What's Cooking at the Triangle
Flying Saucer815 W. 47th, 454-7468
Monday-Wednesday, 11am-1am; Thursday-Saturday, 11am-2am; Sunday, noon-12mid
Flying Saucer is all about the beer: An amazing 80 beers are on draft, and another 120 are available bottled, making a grand total of 200 varieties. It's a beer lover's paradise, no doubt about it. Learning about, sampling, and generally embracing the world of beer is strongly (yet responsibly) encouraged: There are theme nights and beer flights, daily $2.75 pint specials (Sunday is Texas beer night), and recognition (in the form of a memorial plaque called the Ring of Honor) for imbibing 200 pints.
Beer is the hub around which everything else revolves, including the food. The menu is lengthy and reads like a list of the world's beer-friendliest grub: bratwurst, big soft pretzels, pizza, burgers, chicken wings, cheese fries, queso, chili, nachos, and hot sandwiches and then a bump up the class ladder to charcuterie and European cheese tasting plates with suggested beer pairings. Because Flying Saucer is extremely popular and constantly jammed with people, turnaround is fast, and the ingredients are fresh, so the food is better than might be expected. The Reuben sandwich ($7.99) was fine: There was three times as much corned beef as sauerkraut, the Swiss cheese was nicely toasted, and it was properly dressed with Thousand Island dressing and served on genuine marbled rye. The Hippie Burger ($6.99), Flying Saucer's veggie burger, was a generous size and came with a half avocado on top, along with tomato, lettuce, cucumber, and a memorable jalapeño-pesto mayo that tied all the flavors together. Overall, the menu is interesting and well-executed, with a decent number of vegetarian options.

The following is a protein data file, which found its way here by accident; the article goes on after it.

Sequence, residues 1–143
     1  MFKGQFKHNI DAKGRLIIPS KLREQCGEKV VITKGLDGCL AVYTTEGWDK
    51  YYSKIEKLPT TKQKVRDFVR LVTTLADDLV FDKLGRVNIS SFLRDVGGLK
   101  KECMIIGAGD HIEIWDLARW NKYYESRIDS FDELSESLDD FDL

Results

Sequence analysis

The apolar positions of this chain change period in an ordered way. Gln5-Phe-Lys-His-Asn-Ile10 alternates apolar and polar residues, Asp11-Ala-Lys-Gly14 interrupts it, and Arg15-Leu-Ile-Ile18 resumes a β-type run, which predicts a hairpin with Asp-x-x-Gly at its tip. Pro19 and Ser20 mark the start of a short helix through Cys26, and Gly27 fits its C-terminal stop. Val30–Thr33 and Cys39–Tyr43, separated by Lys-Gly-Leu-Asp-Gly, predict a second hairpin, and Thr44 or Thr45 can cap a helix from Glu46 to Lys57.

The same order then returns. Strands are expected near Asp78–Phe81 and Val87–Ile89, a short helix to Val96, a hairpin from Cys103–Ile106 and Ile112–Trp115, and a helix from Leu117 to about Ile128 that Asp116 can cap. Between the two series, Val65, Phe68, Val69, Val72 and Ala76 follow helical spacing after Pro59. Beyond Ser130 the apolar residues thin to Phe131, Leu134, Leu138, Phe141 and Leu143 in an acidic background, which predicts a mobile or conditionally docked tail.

The decor and layout revolve around beer, as well: Everything is done up as an imitation Old World tavern. Expensive dark woodwork and paneling dominate, with bright kelly-green touches at the dartboard and in the lounge area. The outdoor patio is extensive and allows for both smokers and dogs. The clientele is drawn from the cubicle-and-condo crowd; it is clearly a popular afterwork get-together spot. The service is good, but the micro-miniskirt uniform seemed to hinder the servers by requiring near-constant adjustment. (Not to mention, it's pandering and verging on manipulative; I imagine that most of the patrons are here for the beer and would rather the girls be comfortable.)